Take Emotion Out of the Situation
Be factual. Take emotion out of the situation, if possible. Instead of complaining about how Mary is such an annoying coworker, for instance, be factual and share how Mary’s behavior impacts the bottom line.
“Boss, in order to me to be most productive, I need…” is much better received than is “I can’t take it anymore! This isn’t fair….”
Remember that bosses want happy employees who are also productive. So, couch your complaint as a constructive suggestion that helps to improve the business or to increase productivity. Show that you are a team player with a focus on moving forward with the company.
Consider the Relationship
We need to recognize that our message may be different depending on the relationship that we have with the other individual. We also have to take into account the emotional state of the individual to whom we are speaking. For a friend, we might appeal to depth and breadth of our friendship. She might be more apt to listen if we remind her that we have been good friends for so many years, and if we emphasize that our heart is in the right place with this feedback. For an employee, the individual might be more apt to listen if he understands that the boss sees great potential, and that by making these changes then he is moving in the right direction to receive a promotion (or to not get fired).
Apply the Sandwich Method
We should always apply the sandwich method when giving feedback. Start with something positive, then provide constructive suggestions for change, and then finish with something positive. The positive statements must be sincere, or the recipient will lose interest. Even if someone has really messed up, perhaps he put in a lot of effort into the task. So, before complaining, one might start by saying, “I can tell that you put a lot of effort into this….”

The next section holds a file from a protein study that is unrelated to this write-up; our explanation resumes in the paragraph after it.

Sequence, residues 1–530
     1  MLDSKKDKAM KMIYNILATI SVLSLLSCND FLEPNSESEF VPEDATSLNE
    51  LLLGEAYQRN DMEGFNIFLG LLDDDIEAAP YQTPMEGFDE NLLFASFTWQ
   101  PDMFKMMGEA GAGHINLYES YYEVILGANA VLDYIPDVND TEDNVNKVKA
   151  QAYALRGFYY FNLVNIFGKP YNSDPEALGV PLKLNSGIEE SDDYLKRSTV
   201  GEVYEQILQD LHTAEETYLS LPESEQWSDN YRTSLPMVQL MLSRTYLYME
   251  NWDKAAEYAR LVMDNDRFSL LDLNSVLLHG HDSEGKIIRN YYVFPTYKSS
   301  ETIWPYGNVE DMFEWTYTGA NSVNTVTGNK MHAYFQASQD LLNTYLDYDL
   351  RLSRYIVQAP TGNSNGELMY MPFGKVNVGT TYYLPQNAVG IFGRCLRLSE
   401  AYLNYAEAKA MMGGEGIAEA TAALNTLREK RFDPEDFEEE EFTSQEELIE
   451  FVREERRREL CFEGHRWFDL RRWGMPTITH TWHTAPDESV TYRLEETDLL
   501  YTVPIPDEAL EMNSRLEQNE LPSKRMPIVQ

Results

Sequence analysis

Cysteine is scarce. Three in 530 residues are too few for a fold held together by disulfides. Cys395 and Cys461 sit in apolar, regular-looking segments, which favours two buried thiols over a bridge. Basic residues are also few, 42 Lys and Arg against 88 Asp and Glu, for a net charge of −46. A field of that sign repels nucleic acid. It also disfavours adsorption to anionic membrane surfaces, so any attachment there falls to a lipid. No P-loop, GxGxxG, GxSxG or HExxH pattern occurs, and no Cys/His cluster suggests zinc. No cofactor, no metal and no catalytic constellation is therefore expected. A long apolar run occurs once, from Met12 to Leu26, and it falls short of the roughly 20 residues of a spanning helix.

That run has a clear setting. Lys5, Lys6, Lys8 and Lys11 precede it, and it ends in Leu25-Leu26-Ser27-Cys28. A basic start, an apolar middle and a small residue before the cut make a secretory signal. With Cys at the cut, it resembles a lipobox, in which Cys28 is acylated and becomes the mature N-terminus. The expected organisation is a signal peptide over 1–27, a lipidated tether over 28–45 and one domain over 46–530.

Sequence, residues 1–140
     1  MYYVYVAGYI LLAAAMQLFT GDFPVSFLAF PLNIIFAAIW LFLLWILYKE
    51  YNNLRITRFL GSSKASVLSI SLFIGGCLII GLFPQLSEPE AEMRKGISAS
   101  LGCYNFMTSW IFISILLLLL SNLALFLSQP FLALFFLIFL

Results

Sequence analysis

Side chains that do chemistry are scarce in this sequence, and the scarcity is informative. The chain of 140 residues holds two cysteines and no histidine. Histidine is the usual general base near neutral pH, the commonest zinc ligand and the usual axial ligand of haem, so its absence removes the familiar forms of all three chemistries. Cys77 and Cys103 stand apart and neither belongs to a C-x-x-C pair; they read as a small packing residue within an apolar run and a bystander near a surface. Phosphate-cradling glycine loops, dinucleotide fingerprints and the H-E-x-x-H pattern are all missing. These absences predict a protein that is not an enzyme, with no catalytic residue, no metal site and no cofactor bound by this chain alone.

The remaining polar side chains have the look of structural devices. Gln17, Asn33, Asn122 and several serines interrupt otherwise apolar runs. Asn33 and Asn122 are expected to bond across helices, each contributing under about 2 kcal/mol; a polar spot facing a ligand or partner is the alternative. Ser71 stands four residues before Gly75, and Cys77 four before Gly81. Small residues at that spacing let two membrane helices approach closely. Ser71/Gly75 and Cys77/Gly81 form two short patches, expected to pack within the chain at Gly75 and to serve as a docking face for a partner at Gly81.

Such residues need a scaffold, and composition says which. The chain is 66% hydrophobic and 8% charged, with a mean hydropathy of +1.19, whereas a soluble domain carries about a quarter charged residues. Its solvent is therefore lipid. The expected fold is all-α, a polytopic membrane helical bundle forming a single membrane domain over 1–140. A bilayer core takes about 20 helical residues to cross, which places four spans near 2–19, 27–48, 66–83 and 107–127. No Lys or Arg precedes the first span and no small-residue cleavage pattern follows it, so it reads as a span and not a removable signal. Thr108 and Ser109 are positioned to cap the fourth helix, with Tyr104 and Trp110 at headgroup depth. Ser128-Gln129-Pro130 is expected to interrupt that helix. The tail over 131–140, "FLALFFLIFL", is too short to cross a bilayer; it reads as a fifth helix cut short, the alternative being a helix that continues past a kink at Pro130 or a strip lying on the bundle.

What’s in it for Me?
Adults ascribe to the “What’s in it for me?” principle. We want to understand how following this advice will benefit us. If you are telling a friend that she is acting like a bully, then emphasizing that you want to help her so that she doesn’t unintentionally impact other relationships will get her to listen and to take note of your good intentions. If you see that your colleague is doing something that might get her fired, sharing that you wish someone would have given you this feedback when you first joined the company may help her to listen without feeling defensive.
The key is to share that you are providing this feedback to help the other person. If possible, emphasize that it is not your intent to hurt him/her, but that you know that you’d want someone to share this with you, if the situation were reversed.
“Cheryl, I feel uncomfortable sharing this, but as your friend, I need to tell you something. And, I hope you’d do the same for me if the situation were reversed….”
“John, it can be tough to be the new person in the office. I’m sure that you feel that you’re always in the hot seat. I’ve been here for a while now and wish someone would have given me direction so that I was best set up for success….”
Productive Complaining is Healthy!
Complaining is healthy when the issue is bothering you so much that you cannot sleep or think straight. We shouldn’t cover up a physical pain and avoid going to a medical specialist to receive help. Similarly, we shouldn’t ignore something that is causing us emotional distress, especially if addressing the issue can bring us comfort. The key is to do so in a way that is productive for everyone involved.
Most issues in relationships, whether they be work related or personal, stem from communication problems. And, more often than not, after both sides take the time to clearly express how they feel, someone inevitably says that they wish that they would have spoken up sooner.
Complain to the Right Person
If you complain to the wrong person, then you can make the situation worse than it is. Let’s imagine that you are quite stressed about an impending deliverable for a client. If you complain to the client, sharing how you are overwhelmed or don’t feel that you have the manpower to complete the task with quality, then the client will lose faith in you. Further, even if you do create a killer deliverable, the client will always think in the back of his head that you didn’t have faith in the system or in your skillset. The client will likely go somewhere else the next time.
Remember the Rule of 5
Unsure if it is worthwhile to complain? Ask yourself, “Will this still bother me in 5 minutes? In 5 hours? In 5 days? In 5 months? In 5 years?” If the issue that is bothering you won’t bother you in 5 minutes or 5 hours, then let it go. But, if it is something that will impact you for days, weeks, or months on end, then it is worth it to approach the person and to share your feedback constructively, so that you may move past the situation in a healthy manner.